Students March for Free Education and Fair Pay

Photo by Christian Duarte
Photo by Christian Duarte

UCSD students and alumni rallied against student debt, tuition fees and wage discrimination in the nationwide Million Student March protest on campus this afternoon. Over 110 colleges across the country participated in the event, according to the national Million Student March website.

The movement calls for tuition-free public education, cancellation of existing student debt and a normalized $15 minimum wage for campus employees.

UC Office of the President media specialist Kate Moser told the UCSD Guardian that the University of California supports student efforts to make public education more affordable.

“We applaud students who are peacefully exercising their First Amendment rights today across our campuses,” Moser said. “We remain strongly supportive of increased funding for public higher education.”

According to its website, individuals who graduated college this past year are facing over $35,000 in student debt on average. Additionally, over 40 million American college students and graduates now collectively owe $1.2 trillion in student debt, which is more than twice as much as in 2009.

A.S. Vice President of External Affairs Krystl Fabella told the Guardian that these numbers sparked a discussion about the current state of affairs regarding education.

“When UC tuition has more than tripled since 2000, when nationwide student loan debt is $1.35 trillion, when excess administrative spending is $1.1 billion, when campus workers receive less than a livable salary, we are forced to ask what is happening to higher education,” Fabella said. “While demands seem extreme, in the grand scheme of things, students are participating in a movement to resist what is happening to higher education today.”

A.S. President Dominick Suvonnasupa also expressed support for the movement and said the burden of student loans needs to be addressed now more than ever.

“I am extremely proud that our students are organizing to shed light on this very serious issue,” Suvonnasupa told the Guardian. “It is time for us as students to critically examine what is going on financially in higher education. It is time for us to speak out about our lack of support and it is time for California to realize that university students are the most important investment and resource that this state has.”

Moser commented that the UC system already strives for college affordability, but the system can still improve upon its methods.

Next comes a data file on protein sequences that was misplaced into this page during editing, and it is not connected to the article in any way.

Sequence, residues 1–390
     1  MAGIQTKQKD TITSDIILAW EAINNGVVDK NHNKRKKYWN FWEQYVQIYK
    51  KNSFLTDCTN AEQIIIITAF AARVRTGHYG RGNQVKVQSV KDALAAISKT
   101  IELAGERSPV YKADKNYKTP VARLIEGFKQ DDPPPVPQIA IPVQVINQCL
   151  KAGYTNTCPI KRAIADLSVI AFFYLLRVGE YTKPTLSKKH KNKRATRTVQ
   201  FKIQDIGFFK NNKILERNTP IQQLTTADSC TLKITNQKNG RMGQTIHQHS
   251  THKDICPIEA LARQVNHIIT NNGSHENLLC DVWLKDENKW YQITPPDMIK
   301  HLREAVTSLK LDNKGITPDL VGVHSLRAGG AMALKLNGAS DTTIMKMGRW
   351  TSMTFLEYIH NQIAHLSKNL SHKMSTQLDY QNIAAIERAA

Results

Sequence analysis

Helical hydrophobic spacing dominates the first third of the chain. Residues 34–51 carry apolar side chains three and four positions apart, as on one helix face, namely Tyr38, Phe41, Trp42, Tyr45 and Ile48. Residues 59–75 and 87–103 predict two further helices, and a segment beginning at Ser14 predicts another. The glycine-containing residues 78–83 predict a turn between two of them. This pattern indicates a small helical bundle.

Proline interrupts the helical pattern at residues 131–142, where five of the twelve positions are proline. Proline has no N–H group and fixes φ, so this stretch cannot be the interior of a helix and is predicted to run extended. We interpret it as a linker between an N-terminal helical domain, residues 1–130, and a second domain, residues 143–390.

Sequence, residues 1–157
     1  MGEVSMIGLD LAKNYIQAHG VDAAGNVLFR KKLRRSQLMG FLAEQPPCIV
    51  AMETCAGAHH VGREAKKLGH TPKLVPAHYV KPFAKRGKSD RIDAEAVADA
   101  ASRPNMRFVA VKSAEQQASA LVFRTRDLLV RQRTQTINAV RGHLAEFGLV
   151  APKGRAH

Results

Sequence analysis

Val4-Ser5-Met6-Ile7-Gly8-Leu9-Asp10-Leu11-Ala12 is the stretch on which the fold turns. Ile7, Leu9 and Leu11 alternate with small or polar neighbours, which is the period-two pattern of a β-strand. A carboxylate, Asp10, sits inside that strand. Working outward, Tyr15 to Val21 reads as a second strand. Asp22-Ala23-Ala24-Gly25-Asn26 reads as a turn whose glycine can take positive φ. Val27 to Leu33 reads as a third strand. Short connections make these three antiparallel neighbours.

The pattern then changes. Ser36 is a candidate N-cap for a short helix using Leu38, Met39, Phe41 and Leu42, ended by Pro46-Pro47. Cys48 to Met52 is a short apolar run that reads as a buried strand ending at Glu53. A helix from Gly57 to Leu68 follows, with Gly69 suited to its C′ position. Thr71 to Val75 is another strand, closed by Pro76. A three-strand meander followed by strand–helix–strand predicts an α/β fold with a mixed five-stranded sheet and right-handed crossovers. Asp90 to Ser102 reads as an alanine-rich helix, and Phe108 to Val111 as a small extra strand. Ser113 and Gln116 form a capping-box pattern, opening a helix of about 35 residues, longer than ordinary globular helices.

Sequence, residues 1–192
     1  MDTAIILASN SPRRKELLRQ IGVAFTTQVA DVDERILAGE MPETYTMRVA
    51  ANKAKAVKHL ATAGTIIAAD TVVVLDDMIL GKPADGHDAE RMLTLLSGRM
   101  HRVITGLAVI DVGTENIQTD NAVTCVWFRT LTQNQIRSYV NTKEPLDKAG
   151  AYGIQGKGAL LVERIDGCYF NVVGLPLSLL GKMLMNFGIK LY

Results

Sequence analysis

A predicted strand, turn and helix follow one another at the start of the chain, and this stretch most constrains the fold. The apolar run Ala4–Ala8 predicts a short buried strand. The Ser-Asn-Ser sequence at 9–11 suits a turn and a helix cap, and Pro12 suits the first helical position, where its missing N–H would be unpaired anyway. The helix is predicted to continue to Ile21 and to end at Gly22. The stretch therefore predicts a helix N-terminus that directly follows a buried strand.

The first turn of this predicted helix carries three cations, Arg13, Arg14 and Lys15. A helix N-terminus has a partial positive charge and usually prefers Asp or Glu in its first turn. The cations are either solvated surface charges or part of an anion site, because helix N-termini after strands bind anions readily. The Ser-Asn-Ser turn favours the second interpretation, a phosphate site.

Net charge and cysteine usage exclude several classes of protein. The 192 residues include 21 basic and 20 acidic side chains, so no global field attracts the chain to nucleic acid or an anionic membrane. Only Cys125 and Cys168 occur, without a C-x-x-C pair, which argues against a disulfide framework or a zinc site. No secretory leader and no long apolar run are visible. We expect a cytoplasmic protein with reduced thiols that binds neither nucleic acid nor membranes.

“At the University of California, 57 percent of California students have their tuition fully covered, and 45 percent of UC undergraduates graduate without any student loan debt; those who do graduate with student loans have a lower average debt than the national student loan debt average,” Moser told the Guardian. “That said, there is always progress to be made, and again, we support increased funding for public higher education.”

Last month, UC President Janet Napolitano implemented the first phase of her three-year Fair Work, Fair Pay plan and raised the University of California minimum wage to $13 per hour, with an eventual increase to $15. However, this wage increase will not affect student employees, who work under 20 hours a week and therefore are not eligible for the plan.

Campuswide Senator Ryan Perez told the Guardian that while more students could have participated in today’s march, it was still an impressive show of solidarity for students who face these issues across the country.

“It was moving to see so many students willing to participate but also a little disheartening that more students didn’t identify with the struggle,” Perez said. “However, in light of the success of student movements across the nation, I am proud to stand in solidarity with all students who struggle for access to higher education.”

Thurgood Marshall College junior Esperanza Gutierrez and Million Student March participant said that the protest is the first step in implementing nationwide change.

“As students, as the next generation of professionals and leaders, we must voice our concerns, even if it takes a million students,” Gutierrez told the Guardian. “However, it will take more than just a million voices, it takes change in the office, it takes education and a willingness to listen, a willingness to let go of greed and power in order to save the education of those million. It takes a willingness to understand our struggle not by the measure of intensity, but by the measure of our destiny.”

Fabella added that the organizers decided to use the march to increase student awareness about the Black Lives Matter movement due to recent incidences of racism at the University of Missouri.

“It is important not to undermine that this movement stemmed specifically from anti-black incidents and that these were struggles faced by and a fight led by black students,” Fabella said. “We demand justice, safety and solidarity for the black students in Mizzou, Black Lives Matter and the prioritization of the safety and success of students of color on college campuses.”

Students marched from the Silent Tree in front of Geisel Library down to Library Walk, walked through Price Center and circled back to the Silent Tree. They chanted, “If education is your mission, stop raising our tuition” and “We see students, ‘UC’ profits.”

UC Student-Worker Union San Diego, Tritons for Bernie Sanders, 15 Now San Diego, Socialist Alternative at UCSD and Students for Free Tuition sponsored the rally at UCSD. Event organizers will be hosting a discussion at Price Center next Thursday to brainstorm future rallies and steps to raise awareness.

Additional reporting by Jacky To.

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